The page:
By Cecilia Chan
Glendale wants to spend $100,000 to revamp its outdated website into one that more effectively communicates with residents, businesses and other stakeholders.
“The website is in desperate need of replacement,” Public Affairs Director Brent Stoddard said at last week’s council study session.
The current webpage logs about 4.8 million page views and 1 million visitors a year with an average daily use of 16,000 page views and 5,210 visitors, according to the city.
A new website would give the public more accurate and timely information and help with the council’s goal of transparency, Mr. Stoddard said.
He listed a number of things wrong with the current website, including visually outdated, confusing and illogical navigation and bloated search returns from years of dated information dumping on the site.
Additionally, the software used for the site is unstable and archaic and the server is nearing its end of life and will not be supported in two years, according to Marc Meyer, Digital Content manager.
And, for now it is just him and one other person who are able to make changes to the website, which means news is not readily updated, Mr. Meyer said. Under the proposed new cloud-based website, more employees would be able to edit the site, which would speed up updates.
Mr. Stoddard said staff began working on this since last August with feedback from all departments on what they want to see on a new website.
The departments’ wish list included less clutter, more photos and videos, mobile friendly, a public calendar, ability to translate into other languages and the ability to put social media feeds on the webpage and having them updated in real time.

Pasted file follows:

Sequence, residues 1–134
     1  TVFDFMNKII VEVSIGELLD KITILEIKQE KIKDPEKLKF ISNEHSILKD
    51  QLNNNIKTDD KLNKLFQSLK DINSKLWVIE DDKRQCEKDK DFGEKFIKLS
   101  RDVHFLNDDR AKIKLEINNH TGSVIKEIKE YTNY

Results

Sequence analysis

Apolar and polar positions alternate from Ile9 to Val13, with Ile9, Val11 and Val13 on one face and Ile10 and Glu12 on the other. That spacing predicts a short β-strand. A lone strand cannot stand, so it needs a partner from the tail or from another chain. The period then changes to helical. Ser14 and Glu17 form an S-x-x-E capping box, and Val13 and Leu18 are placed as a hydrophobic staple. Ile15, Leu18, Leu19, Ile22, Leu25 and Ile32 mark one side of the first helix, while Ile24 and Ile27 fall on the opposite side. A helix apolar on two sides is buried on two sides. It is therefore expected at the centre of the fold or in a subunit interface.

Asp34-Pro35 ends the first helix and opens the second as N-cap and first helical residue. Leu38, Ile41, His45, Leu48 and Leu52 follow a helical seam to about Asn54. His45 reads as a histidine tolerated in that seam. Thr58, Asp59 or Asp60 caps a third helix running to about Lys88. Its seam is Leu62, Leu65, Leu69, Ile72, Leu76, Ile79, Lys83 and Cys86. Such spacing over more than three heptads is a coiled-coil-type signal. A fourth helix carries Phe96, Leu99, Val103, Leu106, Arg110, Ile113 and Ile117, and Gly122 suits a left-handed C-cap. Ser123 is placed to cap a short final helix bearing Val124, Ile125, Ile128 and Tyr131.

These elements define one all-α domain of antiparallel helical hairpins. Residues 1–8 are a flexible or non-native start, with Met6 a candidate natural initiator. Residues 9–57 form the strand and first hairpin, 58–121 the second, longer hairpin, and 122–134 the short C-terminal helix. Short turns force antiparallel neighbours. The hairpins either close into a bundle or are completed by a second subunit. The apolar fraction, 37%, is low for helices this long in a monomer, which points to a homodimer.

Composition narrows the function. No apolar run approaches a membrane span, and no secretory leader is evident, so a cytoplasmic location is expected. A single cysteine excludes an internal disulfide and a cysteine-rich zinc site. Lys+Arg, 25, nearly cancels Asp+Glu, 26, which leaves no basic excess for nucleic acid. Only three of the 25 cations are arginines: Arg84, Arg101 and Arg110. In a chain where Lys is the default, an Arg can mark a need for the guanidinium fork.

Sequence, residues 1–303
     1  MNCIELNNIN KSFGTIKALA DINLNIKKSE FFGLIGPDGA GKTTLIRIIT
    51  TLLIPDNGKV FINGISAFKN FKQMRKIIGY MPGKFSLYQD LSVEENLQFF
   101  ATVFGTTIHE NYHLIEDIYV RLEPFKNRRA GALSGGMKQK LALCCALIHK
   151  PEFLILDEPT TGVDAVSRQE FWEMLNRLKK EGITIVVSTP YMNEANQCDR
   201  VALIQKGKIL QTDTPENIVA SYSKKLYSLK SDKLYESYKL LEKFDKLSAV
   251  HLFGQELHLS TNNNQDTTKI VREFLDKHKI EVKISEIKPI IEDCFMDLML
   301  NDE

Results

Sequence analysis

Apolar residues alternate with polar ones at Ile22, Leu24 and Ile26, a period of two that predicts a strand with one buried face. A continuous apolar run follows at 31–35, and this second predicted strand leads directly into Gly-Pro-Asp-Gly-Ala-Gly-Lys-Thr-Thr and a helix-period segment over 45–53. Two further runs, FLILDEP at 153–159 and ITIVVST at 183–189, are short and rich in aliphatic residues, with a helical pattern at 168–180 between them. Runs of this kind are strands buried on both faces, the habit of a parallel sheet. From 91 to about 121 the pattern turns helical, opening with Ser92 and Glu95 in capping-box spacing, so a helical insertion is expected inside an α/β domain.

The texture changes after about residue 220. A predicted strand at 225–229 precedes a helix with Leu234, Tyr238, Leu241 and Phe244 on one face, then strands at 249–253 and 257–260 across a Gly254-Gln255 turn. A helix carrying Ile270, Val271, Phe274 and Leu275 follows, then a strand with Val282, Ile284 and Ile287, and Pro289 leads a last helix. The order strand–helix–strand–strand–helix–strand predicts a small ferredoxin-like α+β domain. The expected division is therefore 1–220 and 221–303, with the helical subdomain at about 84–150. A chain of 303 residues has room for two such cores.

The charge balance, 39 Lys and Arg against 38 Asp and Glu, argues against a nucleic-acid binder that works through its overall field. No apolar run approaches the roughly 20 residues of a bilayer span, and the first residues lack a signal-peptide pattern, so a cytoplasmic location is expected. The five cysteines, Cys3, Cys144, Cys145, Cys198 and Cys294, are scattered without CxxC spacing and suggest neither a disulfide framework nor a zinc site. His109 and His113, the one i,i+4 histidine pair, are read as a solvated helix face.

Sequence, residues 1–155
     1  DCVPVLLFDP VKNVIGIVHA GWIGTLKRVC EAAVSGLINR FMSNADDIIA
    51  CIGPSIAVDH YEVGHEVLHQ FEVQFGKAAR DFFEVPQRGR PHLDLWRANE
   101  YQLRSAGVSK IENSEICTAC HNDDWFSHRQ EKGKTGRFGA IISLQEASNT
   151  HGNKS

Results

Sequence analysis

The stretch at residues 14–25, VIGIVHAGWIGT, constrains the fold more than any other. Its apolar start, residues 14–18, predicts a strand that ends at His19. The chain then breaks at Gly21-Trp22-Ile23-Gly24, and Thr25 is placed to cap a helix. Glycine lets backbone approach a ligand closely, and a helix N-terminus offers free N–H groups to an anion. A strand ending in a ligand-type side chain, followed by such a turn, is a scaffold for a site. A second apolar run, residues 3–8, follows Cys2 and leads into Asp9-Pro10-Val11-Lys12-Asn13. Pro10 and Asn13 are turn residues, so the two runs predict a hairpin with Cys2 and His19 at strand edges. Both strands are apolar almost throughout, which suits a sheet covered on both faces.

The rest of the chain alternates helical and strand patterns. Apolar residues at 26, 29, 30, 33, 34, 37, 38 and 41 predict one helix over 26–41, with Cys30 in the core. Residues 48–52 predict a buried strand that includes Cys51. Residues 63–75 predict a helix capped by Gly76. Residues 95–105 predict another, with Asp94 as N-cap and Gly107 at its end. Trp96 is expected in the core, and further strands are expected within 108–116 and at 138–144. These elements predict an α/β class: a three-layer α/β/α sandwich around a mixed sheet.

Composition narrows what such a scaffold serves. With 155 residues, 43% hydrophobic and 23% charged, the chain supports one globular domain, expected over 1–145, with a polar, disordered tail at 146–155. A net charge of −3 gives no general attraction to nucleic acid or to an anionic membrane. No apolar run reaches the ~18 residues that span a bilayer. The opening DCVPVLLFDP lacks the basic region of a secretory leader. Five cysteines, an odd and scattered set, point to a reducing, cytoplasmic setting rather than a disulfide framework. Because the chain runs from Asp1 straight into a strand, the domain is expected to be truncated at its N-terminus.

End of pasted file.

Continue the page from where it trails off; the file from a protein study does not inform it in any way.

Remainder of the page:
The intranet, the city’s internal online communication, faces similar problems and also will be revamped.
Councilman Bart Turner said in his 2.5 years of serving he has not had one resident say there was a problem or a dissatisfaction with the city website.
He did see the importance of having the site mobile friendly with enhanced security and foreign language capability. He sees the problem not with the site’s design but with the information or lack of information departments put online.
Councilman Jamie Aldama liked the idea of a language translator given there are four to five different languages spoken by residents in the city. He added when he came to office in 2015 one of his interests was to update the city’s webpage, which contained outdated information. He asked if there would be an archive page for older documents.
Mr. Stoddard said the site will follow the state’s retention schedule.
Mr. Phelps said the project was not about getting rid of information but how to access it. He added the funding for the project is already included in the adopted budget.
Councilwoman Joyce Clark asked for the annual support cost of a new website.
Mr. Stoddard said he has a general idea but did not want to disclose it publicly because he did not want to influence the bid process.
Staff is ready to go out to bid on the proposal any day now, he said later. He was unsure when a draft contract will come to the council for approval but once a contract is executed, the anticipated completion for the project is expected to take 10 to 12 months.